A security vulnerability has been discovered on the Ubuntu Phone. We take security very seriously, and want to provide clear information as to what happened; and what steps have been taken to rectify the issue and protect against future similar incidents.
At this point, we believe that the core issue has been addressed. An app which exploited the issue has been removed; the 15 people who installed that app have been contacted; and a fix for all Ubuntu Phone users will be released shortly. Users of Ubuntu on the desktop, server, cloud and snappy Ubuntu Core devices are not affected.
At 2015 Oct 14 22:50 UTC a member of the Ubuntu App Developer Community published a post about an app named “test.mmrow” in the Ubuntu Phone’s Software Store that exploited a previously unknown bug in the application installation system. Upon clicking the “Tap me” button in the app, a script was created that modified the boot splash screen, and gave the intruder root access. This could happen only on Ubuntu Phones; users of Ubuntu on the desktop, server, cloud and snappy Ubuntu Core devices are not affected.
Canonical engineers started investigating and taking preventative actions shortly after. Specifically, a root cause analysis was started to understand the exploit, and by 2015 Oct 15 00:50 UTC uploads and downloads from the store were temporarily disabled while the team addressed the issue. A fix was issued for the core issue was available by 2015 Oct 15 04:23 UTC, all the apps in the store have been scanned to ensure that no other apps exploited the same security hole. The store has been re-enabled. Additionally, a full update is being prepared for all Ubuntu Phone users to address the underlying issue.
Users that have downloaded and installed the “test.mmrow” app and triggered a “Tap me!” button could have been affected. A total of 15 users, two of which are Canonical employees involved in the early investigation stages, downloaded the “test.mmrow” app from the store. These 15 users have been alerted via email that the “test.mmrow” app may be malicious and they were advised to uninstall the app immediately. We continue to follow up individually with those individuals to ensure their phones are protected.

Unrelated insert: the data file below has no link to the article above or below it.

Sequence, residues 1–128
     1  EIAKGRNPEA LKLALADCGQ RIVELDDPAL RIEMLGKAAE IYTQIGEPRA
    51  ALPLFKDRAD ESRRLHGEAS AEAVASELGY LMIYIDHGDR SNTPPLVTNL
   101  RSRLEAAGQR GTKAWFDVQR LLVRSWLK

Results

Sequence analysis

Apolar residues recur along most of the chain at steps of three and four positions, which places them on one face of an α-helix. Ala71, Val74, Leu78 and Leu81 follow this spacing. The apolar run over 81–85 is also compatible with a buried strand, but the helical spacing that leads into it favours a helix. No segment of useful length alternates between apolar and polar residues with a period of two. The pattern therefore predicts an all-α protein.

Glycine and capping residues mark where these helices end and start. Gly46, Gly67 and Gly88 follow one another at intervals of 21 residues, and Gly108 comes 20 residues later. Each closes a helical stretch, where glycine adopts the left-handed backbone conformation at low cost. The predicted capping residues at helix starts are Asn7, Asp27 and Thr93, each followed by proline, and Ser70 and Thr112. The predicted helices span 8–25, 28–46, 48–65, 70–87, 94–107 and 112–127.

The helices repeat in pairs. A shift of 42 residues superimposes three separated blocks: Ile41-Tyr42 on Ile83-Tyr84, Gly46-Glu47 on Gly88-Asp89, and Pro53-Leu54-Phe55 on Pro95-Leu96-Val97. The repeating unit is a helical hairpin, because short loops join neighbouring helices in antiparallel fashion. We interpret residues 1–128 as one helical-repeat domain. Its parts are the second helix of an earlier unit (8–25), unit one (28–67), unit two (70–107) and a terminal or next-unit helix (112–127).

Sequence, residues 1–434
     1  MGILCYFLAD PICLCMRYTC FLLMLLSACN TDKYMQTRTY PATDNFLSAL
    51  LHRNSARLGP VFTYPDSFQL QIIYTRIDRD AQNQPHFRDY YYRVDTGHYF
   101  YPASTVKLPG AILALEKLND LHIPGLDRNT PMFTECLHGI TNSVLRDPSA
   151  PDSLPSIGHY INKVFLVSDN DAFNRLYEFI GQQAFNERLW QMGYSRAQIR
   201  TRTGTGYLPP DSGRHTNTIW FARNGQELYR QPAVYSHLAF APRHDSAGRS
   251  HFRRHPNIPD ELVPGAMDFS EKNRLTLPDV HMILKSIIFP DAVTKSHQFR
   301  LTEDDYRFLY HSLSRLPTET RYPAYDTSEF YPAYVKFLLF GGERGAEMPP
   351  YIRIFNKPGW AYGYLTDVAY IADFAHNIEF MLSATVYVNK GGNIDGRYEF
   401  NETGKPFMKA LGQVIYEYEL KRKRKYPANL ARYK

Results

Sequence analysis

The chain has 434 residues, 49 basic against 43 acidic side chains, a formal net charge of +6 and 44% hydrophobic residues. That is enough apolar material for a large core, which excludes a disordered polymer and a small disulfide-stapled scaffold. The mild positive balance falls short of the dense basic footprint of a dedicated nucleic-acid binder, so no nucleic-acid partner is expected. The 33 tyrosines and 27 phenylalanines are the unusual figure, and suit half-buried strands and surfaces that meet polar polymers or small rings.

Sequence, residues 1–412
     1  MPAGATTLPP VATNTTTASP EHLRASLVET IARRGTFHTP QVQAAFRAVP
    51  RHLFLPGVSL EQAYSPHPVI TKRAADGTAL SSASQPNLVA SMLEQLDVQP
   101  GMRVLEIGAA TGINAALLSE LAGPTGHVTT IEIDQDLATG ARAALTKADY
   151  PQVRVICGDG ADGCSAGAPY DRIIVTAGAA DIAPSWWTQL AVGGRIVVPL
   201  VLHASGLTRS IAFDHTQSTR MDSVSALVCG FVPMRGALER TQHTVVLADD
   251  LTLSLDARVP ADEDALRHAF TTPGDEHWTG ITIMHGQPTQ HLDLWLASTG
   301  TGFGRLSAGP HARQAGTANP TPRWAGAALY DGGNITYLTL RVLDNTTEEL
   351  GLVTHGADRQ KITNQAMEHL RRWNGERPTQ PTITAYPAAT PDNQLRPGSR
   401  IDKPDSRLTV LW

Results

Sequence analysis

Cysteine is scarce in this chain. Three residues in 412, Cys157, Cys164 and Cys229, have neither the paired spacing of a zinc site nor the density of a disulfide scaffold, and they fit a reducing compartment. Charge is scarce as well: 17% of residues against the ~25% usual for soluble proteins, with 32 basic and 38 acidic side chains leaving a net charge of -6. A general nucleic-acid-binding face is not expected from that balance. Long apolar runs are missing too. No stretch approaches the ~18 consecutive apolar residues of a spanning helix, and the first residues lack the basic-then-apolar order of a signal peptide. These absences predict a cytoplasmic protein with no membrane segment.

The app used flaws in the click installation code to generate unconfined security policy for the app on end user devices. The offending app was then able to create a shell script that has the ability to elevate its privileges to the root user and extract a tar file that contains images that are flashed when the phone is rebooted into recovery mode.
The Ubuntu App Store uses automated review tools to determine if apps are safe for automatic upload. If apps attempt to use a non-standard confinement template, they are marked for manual review. The offending app was constructed in a way that made it look like it used a standard confinement template, but it specified an unconfined template in the alternate directory, and it passed the automated review checks.
The exploit used should have been detected in two places. The click app review tools should detect that the click app includes files that are only meant to be generated as part of the click app installation process. In addition, the click program should have ignored those files, even if present during installation. Both of these have now been addressed and updates will be pushed to all Ubuntu phone devices soon.
Canonical will provide further information on this issue as and when it is available.
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